Comprehensive Development – Trentham
The property is located in the Trentham area of Upper Hutt within Comprehensive Residential Development (CRD) area (now called Residential Centres Overlay Area) and, at time of purchase by the client, comprised a single 1960s dwelling located roughly central on an 845m² site. The dwelling, while architecturally designed, was not appropriate and was out of keeping with the area. The site was unkept. Being within the CRD zone meant that a reasonably intensive development could take place. As an aside, the existing dwelling was recycled and given a new lease on life. The architect, Brynn McCauley, also won a highly commended NZAD award for this property. Read more about it here – Part 1 and Part 2.
The development comprised a three lot fee simple subdivision of the site, with each allotment being developed with a single storey dwelling. A single right of way served the three dwellings, and runs along the North West boundary of the site. The dwellings are each different but complementary in terms of shape, size and articulation. They are all low profile in terms of their overall design and silhouette. The site areas and coverage are as follows:
|Lot 1||Lot 2||Lot 3|
|Site Area (net)||211m2||228m2||272m2|
The site and dwellings had to be fully serviced in respect of potable water, stormwater and sewer in accordance with the Council’s requirements, and as such the environmental effects of the proposal in terms of its impact on public infrastructure were assessed to be no more than minor, and within the limits anticipated by the Council.
With respect to access and parking, each dwelling was designed with an integral single garage, with space in front of each garage for another car. The Street was a Local Road, therefore vehicles could reverse out of residential sections onto the road. However, in this instance, only vehicles associated with the front dwelling could reverse onto the Street. The design of Lots 2 and 3 enabled on site vehicle manoeuvring and egress in a forward gear in accordance with Council engineering requirements.
Risks and Issues:
The major risk to the proposal was in respect of getting three dwellings on site to make it economically viable, at the time the client purchased the site Council had only just advertised their Plan Change to allow CRDs in the area – this site was a test case for CRDs in the area and was subjected to significant scrutiny by Council planners, however due to good urban and architectural design the proposal was given resource consent.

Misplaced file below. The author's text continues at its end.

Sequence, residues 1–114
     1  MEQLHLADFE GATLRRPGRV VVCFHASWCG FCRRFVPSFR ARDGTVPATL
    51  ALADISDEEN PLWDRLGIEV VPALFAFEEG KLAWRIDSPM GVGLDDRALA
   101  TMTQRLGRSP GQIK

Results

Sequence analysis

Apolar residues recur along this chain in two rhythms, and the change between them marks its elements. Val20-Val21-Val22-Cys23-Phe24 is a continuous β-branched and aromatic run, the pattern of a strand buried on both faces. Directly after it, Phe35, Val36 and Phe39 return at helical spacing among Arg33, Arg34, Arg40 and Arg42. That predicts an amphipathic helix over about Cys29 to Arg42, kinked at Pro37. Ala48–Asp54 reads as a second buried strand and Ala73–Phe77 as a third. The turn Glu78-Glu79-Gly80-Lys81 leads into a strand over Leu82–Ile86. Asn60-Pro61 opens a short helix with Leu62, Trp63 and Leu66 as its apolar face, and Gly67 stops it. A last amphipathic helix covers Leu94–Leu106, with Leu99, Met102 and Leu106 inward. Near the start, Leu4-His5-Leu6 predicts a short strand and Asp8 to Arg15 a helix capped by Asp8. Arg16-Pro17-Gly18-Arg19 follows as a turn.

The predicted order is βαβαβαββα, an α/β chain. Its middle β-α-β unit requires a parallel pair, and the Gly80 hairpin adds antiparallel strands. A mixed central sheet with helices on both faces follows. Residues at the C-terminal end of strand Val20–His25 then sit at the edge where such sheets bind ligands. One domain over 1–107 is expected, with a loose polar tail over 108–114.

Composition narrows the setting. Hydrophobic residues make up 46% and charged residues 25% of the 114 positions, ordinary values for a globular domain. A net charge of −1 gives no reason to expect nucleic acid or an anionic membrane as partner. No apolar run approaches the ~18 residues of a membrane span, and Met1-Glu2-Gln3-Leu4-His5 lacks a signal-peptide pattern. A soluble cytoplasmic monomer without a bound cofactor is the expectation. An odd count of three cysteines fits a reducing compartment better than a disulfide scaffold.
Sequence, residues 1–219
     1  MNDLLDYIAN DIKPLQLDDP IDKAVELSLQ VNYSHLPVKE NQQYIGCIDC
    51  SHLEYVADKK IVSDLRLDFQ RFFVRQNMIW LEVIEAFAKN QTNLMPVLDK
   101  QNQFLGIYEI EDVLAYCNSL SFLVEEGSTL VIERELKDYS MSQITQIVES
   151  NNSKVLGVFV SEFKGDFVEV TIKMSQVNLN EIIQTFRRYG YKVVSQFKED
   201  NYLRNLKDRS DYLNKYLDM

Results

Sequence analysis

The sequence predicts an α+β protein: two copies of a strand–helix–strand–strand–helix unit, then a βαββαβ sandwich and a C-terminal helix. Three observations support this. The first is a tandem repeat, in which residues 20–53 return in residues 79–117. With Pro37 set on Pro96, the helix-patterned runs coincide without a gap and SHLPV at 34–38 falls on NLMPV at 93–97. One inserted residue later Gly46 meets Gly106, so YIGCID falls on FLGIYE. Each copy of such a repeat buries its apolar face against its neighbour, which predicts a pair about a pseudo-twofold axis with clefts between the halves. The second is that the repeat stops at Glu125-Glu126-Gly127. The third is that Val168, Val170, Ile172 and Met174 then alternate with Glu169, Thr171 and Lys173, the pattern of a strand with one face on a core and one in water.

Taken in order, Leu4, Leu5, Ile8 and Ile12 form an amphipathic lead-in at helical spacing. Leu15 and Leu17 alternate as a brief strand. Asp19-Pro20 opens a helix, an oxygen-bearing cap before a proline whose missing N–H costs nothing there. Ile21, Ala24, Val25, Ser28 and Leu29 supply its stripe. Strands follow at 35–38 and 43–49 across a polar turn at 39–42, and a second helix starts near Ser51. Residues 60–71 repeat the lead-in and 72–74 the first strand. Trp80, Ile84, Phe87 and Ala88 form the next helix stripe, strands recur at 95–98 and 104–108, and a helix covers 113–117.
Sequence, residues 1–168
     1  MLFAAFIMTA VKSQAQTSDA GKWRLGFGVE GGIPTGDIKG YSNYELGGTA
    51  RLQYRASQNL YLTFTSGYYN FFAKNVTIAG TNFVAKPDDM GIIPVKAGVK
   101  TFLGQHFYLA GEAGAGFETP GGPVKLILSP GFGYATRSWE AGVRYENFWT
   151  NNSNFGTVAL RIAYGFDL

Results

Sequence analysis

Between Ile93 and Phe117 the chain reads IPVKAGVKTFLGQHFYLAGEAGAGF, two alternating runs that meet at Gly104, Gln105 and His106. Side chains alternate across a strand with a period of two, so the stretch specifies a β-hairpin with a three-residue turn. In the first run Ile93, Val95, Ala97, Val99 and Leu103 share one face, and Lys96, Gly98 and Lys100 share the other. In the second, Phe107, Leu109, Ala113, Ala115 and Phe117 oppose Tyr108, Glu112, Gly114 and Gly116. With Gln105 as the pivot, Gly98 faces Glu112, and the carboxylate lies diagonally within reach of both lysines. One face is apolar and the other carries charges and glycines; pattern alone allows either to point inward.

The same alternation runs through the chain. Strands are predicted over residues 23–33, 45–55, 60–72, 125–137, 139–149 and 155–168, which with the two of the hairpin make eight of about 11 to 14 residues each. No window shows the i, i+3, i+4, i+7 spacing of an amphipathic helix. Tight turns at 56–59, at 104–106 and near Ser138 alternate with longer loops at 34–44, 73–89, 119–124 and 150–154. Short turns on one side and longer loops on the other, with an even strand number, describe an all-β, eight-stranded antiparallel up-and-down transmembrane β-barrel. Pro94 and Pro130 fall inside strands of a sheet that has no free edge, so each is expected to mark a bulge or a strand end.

Affected Party Consents (APCs) – Council, as part of the Resource Consent process, required the owner to obtain consent to the development from seventeen selected adjoining owners (included all the owners of a block of flats). APCs were obtained from all but one of the identified affected parties so the Consent was then subject to a limited notification – at the end of the notification process the party who had refused to sign an APC did not submit an objection and the Consent was duly issued. However going through the APC process added several months to the obtaining Resource Consent process with both absentee owners and tenants being required to sign the APC.
At the time this project was being commenced Council required that all CRD projects be completed in their entirety (including Code Compliance Certificates issued for all three dwellings and landscaping) before s.224 sign off and titles could be issued. On top of that funders were requiring unconditional presales of 66% of the development before they would fund house construction. All at a time when potential purchasers were very wary of buying off plans.
Despite the development being undertaken during the period of the Global Financial Crisis when additional financial pressures were being applied by banks, a reasonable profit was realised from the development.